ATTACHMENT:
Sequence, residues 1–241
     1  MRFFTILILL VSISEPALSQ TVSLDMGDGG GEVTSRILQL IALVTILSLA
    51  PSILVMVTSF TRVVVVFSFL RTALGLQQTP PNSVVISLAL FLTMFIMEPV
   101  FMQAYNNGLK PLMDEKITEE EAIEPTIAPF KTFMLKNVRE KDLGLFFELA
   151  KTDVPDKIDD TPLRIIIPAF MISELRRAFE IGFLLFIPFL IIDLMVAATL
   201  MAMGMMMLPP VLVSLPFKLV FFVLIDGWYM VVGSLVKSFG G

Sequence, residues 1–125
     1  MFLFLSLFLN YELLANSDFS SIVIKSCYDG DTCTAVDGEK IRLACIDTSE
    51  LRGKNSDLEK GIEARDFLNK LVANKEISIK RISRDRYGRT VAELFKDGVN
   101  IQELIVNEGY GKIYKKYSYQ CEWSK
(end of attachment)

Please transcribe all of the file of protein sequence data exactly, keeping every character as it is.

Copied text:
Sequence, residues 1–241
     1  MRFFTILILL VSISEPALSQ TVSLDMGDGG GEVTSRILQL IALVTILSLA
    51  PSILVMVTSF TRVVVVFSFL RTALGLQQTP PNSVVISLAL FLTMFIMEPV
   101  FMQAYNNGLK PLMDEKITEE EAIEPTIAPF KTFMLKNVRE KDLGLFFELA
   151  KTDVPDKIDD TPLRIIIPAF MISELRRAFE IGFLLFIPFL IIDLMVAATL
   201  MAMGMMMLPP VLVSLPFKLV FFVLIDGWYM VVGSLVKSFG G

Sequence, residues 1–125
     1  MFLFLSLFLN YELLANSDFS SIVIKSCYDG DTCTAVDGEK IRLACIDTSE
    51  LRGKNSDLEK GIEARDFLNK LVANKEISIK RISRDRYGRT VAELFKDGVN
   101  IQELIVNEGY GKIYKKYSYQ CEWSK